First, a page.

Epirubicin Hydrochloride 2 mg/ml Injection
Epirubicin Hydrochloride 2 mg/ml
For excipients, see 6.1.
Solution for Injection
A clear red solution.
Epirubicin is used in the treatment of a range of neoplastic conditions including;
• Breast, ovarian, gastric, lung and colorectal carcinomas
• Malignant lymphomas
• Multiple myeloma.
When administered intravesically, epirubicin has been shown to be beneficial in the treatment of;
• Papillary transitional cell carcinoma of the bladder
• Prophylaxis of recurrences after transurethral resection.
Epirubicin is for intravenous or intravesical use only.
It is advisable to administer epirubicin via the tubing of a free-running intravenous saline infusion after checking that the needle is properly placed in the vein. Care should be taken to avoid extravasation (see Section 4.4).
When epirubicin is used as a single agent, the recommended dosage in adults is 60-90 mg/m2
body area. Epirubicin should be injected intravenously over 3-5 minutes. The dose should be repeated at 21-day intervals, depending upon the patient's haematomedullary status.
If signs of toxicity, including severe neutropenia/neutropenic fever and thrombocytopenia occur (which could persist at day 21), dose modification or postponement of the subsequent dose may be required.
Epirubicin as a single agent for the high dose treatment of lung cancer should be administered according to the following regimens:
• Small cell lung cancer (previously untreated): 120 mg/m2
day 1, every 3 weeks.
• Non-small cell lung cancer (squamous, large cell, and adenocarcinoma previously untreated): 135 mg/m2
day 1 or 45 mg/m2
day 1, 2 and 3 every 3 weeks.
For high dose treatment, epirubicin may be given as an intravenous bolus over 3-5 minutes or as an infusion of up to 30 minutes duration.
In the adjuvant treatment of early breast cancer patients with positive lymph nodes, intravenous doses of epirubicin ranging from 100 mg/m2
(as a single dose on day 1) to 120 mg/m2
(in two divided doses on days 1 and 8) every 3-4 weeks, in combination with intravenous cyclophosphamide and 5-fluorouracil and oral tamoxifen, are recommended.
Lower doses (60-75 mg/m2
for conventional treatment and 105-120 mg/m2
for high dose treatment) are recommended for patients whose bone marrow function has been impaired by previous chemotherapy or radiotherapy, by age, or neoplastic bone marrow infiltration. The total dose per cycle may be divided over 2-3 successive days.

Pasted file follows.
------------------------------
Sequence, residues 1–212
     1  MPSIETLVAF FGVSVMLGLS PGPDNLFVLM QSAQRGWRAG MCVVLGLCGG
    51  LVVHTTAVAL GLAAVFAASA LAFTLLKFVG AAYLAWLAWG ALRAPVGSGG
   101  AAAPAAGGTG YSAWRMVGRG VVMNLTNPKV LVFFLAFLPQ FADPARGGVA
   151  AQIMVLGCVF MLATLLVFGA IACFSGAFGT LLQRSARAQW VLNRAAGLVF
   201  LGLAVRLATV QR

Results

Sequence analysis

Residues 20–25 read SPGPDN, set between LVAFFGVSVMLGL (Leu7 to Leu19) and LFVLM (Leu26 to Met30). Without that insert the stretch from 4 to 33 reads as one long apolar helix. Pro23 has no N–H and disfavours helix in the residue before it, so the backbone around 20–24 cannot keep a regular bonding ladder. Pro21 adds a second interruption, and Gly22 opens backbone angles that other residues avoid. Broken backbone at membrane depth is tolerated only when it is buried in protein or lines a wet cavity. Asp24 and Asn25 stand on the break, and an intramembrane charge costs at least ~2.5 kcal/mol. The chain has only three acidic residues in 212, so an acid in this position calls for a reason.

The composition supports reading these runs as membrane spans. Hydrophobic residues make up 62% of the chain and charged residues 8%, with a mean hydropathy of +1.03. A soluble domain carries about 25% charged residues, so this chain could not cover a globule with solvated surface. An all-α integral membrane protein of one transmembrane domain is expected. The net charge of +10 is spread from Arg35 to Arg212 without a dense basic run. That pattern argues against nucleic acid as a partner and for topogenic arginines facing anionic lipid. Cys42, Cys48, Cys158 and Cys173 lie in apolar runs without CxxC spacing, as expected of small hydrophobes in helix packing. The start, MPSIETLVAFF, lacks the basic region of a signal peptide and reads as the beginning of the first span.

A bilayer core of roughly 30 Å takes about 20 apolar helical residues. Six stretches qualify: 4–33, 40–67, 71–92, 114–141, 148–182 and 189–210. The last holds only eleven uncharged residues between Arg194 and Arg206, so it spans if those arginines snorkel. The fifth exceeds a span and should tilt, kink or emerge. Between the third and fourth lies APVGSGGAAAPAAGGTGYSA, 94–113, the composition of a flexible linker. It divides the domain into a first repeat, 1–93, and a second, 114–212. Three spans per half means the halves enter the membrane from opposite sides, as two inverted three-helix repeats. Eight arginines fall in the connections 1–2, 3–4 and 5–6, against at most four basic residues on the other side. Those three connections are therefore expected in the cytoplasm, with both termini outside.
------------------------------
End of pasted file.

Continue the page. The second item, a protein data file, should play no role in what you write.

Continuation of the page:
The following doses of epirubicin are commonly used in monotherapy and combination chemotherapy for various tumours, as shown:
| Cancer Indication||Epirubicin Dose (mg/m2)a|
||20, or 6090
||6090 or lower as needed
Doses generally given Day 1 or a divided dose on Day 1, 2 and 3 at 21-day intervals
If epirubicin is used in combination with other cytotoxic products, the dose should be reduced accordingly. Commonly used doses are shown in the table above.
Impaired liver function
The major route of elimination of epirubicin is the hepatobiliary system. In patients with impaired liver function the dose should be reduced based on serum bilirubin levels as follows:
|Serum Bilirubin||Dose Reduction|
|24 - 51 μmol/l||50%|
|> 51 μmol/l||75%|
Impaired renal function
Moderate renal impairment does not appear to require a dose reduction in view of the limited amount of epirubicin excreted by this route.
Epirubicin can be given by intravesical administration for the treatment of superficial bladder cancer and carcinoma-in-situ. It should not be given intravesically for the treatment of invasive tumours that have penetrated the bladder wall, systemic therapy or surgery is more appropriate in these situations. Epirubicin has also been successfully used intravesically as a prophylactic agent after transurethral resection of superficial tumours to prevent recurrence.
For the treatment of superficial bladder cancer the following regimen is recommended, using the dilution table below:
8 weekly instillations of 50 mg/50 ml (diluted with saline or distilled sterile water).
If local toxicity is observed: A dose reduction to 30 mg/50 ml is advised.
Carcinoma-in-situ: Up to 80 mg/50 ml (depending on individual tolerability of the patient)
For prophylaxis: 4 weekly administrations of 50 mg/50 ml followed by 11 monthly instillations at the same dose.
DILUTION TABLE FOR BLADDER INSTILLATION SOLUTIONS
|Dose Epirubicin required
||Volume of 2 mg/ml epirubicin injection
||Volume of diluent sterile water for injection or 0.9% sterile saline
||Total volume for bladder installation